EUROPEAN DUAL COMPANIES

Scaleup Migration?

 

This report expands on research we conducted for the European Commission Directorate General for Research & Innovation1 to explore the most recent trends in transatlantic dynamics of European startups. Specifically, we aim to shed light on the growing phenomenon of “dual companies”2: startups formed in Europe that move their headquarters abroad, while maintaining a strong operational presence (such as R&D activities) in their home country. Rather than so-called “unicorns,” they look more like hydra, the multi-headed mythological animal; one head is abroad, while another remains in Europe with most of the body.

Dual companies comprise a meaningful percentage of European scaleups – approximately 14% of European scaleups, according to our quantitative analysis.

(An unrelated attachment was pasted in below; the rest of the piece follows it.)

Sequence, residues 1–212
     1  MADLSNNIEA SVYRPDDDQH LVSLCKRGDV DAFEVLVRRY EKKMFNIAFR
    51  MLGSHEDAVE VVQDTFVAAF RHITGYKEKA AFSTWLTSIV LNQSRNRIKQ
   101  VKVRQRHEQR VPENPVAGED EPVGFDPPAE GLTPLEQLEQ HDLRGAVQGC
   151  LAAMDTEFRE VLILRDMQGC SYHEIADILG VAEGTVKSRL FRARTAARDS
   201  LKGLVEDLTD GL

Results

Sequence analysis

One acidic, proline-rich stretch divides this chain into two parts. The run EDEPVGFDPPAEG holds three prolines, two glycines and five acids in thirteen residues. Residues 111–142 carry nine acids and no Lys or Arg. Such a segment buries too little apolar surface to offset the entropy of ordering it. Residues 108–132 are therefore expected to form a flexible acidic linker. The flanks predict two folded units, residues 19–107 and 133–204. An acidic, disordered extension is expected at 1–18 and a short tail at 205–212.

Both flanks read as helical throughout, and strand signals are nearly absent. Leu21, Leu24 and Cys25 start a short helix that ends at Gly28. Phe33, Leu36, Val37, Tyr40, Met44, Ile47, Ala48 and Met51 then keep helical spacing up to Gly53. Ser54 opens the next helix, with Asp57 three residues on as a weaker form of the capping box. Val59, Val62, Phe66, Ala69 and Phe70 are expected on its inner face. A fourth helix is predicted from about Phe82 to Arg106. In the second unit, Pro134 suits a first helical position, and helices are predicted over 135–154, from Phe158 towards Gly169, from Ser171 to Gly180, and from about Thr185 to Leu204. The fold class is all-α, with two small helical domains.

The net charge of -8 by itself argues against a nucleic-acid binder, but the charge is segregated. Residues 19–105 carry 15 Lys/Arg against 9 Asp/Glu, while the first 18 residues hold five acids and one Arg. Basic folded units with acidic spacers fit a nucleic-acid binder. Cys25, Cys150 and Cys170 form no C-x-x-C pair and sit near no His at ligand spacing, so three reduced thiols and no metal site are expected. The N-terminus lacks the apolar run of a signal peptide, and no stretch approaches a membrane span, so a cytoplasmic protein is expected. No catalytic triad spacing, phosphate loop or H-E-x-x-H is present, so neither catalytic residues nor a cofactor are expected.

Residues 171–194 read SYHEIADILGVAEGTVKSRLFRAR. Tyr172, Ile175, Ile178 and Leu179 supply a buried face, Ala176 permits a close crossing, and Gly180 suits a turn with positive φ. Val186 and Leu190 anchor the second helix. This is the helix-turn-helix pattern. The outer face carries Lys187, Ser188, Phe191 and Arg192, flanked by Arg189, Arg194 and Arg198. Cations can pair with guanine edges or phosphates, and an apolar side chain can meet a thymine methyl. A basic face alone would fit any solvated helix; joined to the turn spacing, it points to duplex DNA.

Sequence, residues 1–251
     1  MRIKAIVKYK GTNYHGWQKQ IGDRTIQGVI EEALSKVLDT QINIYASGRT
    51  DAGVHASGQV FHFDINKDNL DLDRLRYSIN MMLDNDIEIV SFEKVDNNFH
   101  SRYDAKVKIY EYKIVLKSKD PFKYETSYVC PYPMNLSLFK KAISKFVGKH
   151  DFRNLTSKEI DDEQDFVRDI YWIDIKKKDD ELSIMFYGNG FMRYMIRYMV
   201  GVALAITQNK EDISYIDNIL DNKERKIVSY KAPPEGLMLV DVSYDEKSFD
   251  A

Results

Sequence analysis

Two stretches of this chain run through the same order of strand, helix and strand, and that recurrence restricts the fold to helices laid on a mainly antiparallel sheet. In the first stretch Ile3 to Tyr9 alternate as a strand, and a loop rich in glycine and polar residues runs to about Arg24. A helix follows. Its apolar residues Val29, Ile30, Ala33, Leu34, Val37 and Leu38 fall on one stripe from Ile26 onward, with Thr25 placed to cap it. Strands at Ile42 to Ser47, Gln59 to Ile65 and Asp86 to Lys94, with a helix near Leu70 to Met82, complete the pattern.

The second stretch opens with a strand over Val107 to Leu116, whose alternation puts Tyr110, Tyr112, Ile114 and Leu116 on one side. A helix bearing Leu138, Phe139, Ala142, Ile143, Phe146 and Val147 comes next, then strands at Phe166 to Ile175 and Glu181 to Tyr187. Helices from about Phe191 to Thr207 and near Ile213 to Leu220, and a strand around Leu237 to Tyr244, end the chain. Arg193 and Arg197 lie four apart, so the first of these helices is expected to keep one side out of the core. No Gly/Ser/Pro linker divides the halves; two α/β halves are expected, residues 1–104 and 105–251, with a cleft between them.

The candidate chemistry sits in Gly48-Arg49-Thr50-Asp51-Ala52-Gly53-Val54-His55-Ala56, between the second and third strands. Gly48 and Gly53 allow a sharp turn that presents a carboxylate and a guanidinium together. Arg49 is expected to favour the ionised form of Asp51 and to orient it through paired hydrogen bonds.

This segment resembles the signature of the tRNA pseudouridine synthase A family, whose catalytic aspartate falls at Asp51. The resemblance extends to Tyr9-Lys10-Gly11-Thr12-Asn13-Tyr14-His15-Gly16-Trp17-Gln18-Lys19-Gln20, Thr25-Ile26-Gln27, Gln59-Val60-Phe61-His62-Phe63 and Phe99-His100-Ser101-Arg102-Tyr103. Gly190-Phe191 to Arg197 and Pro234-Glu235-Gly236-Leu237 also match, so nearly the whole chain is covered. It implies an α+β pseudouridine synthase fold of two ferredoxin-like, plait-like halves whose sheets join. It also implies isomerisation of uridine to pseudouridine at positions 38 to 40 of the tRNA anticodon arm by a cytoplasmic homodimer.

The US is the most common destination for European dual companies; 82% relocated their headquarters to the US. Among them, more than half chose Silicon Valley. Only 14% of dual companies moved their headquarters to another European country. In those instances, the UK – specifically London – was the most frequent destination.
International expansion materially impacts European scaleups’ ability to raise capital.
Our data confirms that dual companies raise 30% more capital on average than companies following a purely domestic growth path.

Dual companies are most common in younger startup ecosystems and smaller countries. In those environments, startups often are forced at an early stage to look abroad for market growth and funding opportunities.
We have sought to confirm the quantitative data with qualitative analysis. We have interviewed founders and executives of European dual companies to learn more about the common motivations for expanding or moving abroad, as well as the obstacles facing tech companies seeking to scale up on the Old Continent.
Access to capital clearly emerges as the main driver of US expansion. The interviewed companies identified a substantial lack of growth and later-stage funding options in Europe.

by Alberto Onetti, Chairman, Mind the Bridge